2 Corinthians 4:17-18
For our light affliction, which is but for a moment, works for us a far more exceeding and eternal weight of glory;…
I. A FEW PRELIMINARY OBSERVATIONS UPON AFFLICTION.
1. There are afflictions which are common to humanity. Disease and death (Genesis 3:17-19).
2. There are afflictions which are of a self-procured character. We can no more sin with impunity against physical laws than we can against moral laws.
3. There are afflictions which are of Divine appointment.
4. Afflictions are not meritorious. They cannot make atonement for sin, nor regenerate our nature.
5. Afflictions in themselves, abstractly considered, are heavy, but light when compared with those of others.
II. LET US PONDER OUR AFFLICTIONS. They are light —
1. When compared with the demerit of our sins.
2. When compared with those of our forefathers. The saints have had to suffer hunger, thirst, nakedness, fire, faggot, sword, imprisonment, and death (Hebrews 11.).
3. When compared with those of Christ.
4. When compared with the weight of glory referred to in the text.
5. Being but for a moment when compared with the eternity of glory.
6. When compared with the exceeding greatness and infinite excellence of the glory.
III. CONSIDER THE BENEFICIAL AND GRACIOUS TENDENCY OF OUR AFFLICTIONS. All trials, whether personal, relative, or national, may be regarded in the light of a gracious discipline. The tendency of affliction in the saint is —
1. The development and maturity of moral purity. There is much about him which needs correction and refinement. Afflictions operate as fire upon metal (Hebrews 12:5, 11; James 1:2-4, 12).
2. The development and exhibition of principle and character. It is possible for a man not to know his own real character and strength of principle, till cast upon his own resources. What a living embodiment of magnanimity, self-denial, goodness, and moral sublimity in the lives and deaths of many of the people of God!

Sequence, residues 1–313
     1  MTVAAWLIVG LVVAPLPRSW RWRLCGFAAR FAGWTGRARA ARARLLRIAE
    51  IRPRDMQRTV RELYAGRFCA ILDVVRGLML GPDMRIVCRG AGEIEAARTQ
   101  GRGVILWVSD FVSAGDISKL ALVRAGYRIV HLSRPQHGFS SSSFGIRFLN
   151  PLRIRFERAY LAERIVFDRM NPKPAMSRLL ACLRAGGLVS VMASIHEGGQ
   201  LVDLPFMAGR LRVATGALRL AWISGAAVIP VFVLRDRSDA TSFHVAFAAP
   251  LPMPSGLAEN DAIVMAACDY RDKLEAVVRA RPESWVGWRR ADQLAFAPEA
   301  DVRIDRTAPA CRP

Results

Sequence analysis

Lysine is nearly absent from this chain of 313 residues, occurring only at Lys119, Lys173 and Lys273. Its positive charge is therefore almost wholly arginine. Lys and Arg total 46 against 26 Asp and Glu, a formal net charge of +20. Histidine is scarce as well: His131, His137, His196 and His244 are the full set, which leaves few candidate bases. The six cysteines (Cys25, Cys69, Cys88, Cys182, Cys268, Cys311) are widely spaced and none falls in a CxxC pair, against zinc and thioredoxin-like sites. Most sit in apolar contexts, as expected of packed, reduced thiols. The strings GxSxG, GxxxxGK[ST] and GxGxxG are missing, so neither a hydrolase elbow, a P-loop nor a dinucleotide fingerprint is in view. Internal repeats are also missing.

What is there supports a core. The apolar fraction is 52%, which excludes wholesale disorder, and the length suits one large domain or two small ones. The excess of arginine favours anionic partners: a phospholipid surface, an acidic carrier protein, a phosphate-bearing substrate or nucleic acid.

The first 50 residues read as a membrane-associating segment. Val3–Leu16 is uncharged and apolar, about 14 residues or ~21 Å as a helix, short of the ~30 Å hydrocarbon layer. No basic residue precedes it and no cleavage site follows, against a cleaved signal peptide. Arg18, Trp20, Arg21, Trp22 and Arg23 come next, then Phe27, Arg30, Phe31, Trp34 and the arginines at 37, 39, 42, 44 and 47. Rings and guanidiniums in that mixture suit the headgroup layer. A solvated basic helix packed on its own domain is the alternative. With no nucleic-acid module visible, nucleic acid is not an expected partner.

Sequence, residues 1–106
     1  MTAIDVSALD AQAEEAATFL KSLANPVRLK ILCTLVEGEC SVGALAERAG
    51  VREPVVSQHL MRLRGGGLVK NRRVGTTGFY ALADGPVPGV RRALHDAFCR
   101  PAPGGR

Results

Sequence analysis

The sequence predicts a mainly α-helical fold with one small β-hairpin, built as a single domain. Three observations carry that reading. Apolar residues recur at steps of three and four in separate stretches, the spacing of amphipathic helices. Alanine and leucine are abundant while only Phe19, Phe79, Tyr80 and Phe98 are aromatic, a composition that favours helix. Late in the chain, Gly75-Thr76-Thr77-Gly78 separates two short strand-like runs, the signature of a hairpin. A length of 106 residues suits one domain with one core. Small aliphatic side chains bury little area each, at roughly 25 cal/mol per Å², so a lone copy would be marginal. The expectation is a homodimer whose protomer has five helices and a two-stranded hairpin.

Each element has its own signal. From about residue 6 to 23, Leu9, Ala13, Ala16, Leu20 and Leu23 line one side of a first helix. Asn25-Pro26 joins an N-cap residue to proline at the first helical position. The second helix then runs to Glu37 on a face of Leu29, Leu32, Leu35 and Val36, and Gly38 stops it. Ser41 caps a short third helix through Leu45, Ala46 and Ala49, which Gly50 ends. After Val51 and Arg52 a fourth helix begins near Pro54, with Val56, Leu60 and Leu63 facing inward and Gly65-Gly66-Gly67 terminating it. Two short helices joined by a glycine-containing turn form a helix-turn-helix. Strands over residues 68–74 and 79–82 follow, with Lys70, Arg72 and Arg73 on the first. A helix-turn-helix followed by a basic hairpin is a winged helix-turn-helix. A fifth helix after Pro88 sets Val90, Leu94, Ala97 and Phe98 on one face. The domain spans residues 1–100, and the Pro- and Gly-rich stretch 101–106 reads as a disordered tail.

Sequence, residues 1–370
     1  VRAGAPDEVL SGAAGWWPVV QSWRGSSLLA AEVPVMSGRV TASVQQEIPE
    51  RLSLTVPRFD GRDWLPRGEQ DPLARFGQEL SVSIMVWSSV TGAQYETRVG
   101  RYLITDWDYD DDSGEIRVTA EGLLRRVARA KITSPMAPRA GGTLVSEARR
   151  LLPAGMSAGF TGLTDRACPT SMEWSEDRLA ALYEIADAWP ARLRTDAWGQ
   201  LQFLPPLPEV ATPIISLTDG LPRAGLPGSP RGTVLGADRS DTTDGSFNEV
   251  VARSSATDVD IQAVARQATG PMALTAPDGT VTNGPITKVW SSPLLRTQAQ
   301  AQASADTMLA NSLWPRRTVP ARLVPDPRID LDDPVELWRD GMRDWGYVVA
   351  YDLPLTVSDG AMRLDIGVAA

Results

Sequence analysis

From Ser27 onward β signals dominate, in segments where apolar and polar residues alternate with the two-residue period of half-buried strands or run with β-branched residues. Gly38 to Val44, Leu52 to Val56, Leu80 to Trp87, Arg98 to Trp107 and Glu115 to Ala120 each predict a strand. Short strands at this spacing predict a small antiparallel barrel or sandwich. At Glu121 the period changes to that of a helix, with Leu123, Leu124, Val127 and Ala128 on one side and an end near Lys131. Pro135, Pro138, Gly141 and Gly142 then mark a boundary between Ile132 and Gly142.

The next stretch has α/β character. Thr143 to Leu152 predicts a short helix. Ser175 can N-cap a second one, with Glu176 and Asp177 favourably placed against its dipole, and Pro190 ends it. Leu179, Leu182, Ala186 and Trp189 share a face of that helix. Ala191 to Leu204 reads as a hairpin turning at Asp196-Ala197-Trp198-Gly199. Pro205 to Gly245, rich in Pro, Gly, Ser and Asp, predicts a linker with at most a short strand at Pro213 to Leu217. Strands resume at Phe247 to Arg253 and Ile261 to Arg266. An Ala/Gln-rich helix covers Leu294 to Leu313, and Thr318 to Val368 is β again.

3. To test the truthfulness of our Christianity and exhibit its character before the world.
4. The exercise and perfection of our faith. Faith is a principle which is strengthened by exercise. In trials faith finds ample scope for action (Hebrews 11.).
IV. THE FUTURE GLORY OF THE SAINT IS —
I. Substantial. The word weight gives us the idea of ponderousness. The Greek word "doxa" and the Hebrew word "kabhodh" mean an opinion, doctrine; and then praise, dignity, splendour, and perfection. The words are applied to the visible manifestations of the Divine Being. Heaven is spoken of as a most glorious locality. It is compared to "a house eternal in the heavens," a "mansion," "an inheritance incorruptible," a "great city," and "a prepared kingdom." There will be perfect correspondence betwixt the resurrection body of the saint and heaven as an abode (1 Corinthians 15:39-58; Philippians 3:20, 21; 1 John 3:2). Glory embraces also the perfection of the soul. We shall be perfect in body and in mind. Enjoyments and employments will be all complete.
2. Ever-enduring. "The perpetuity of bliss is bliss."
3. Ever-increasing. Progress is as essential to man's nature as gravitation to the universe, and light and heat to the sun.
Parallel VersesKJV: For our light affliction, which is but for a moment, worketh for us a far more exceeding and eternal weight of glory;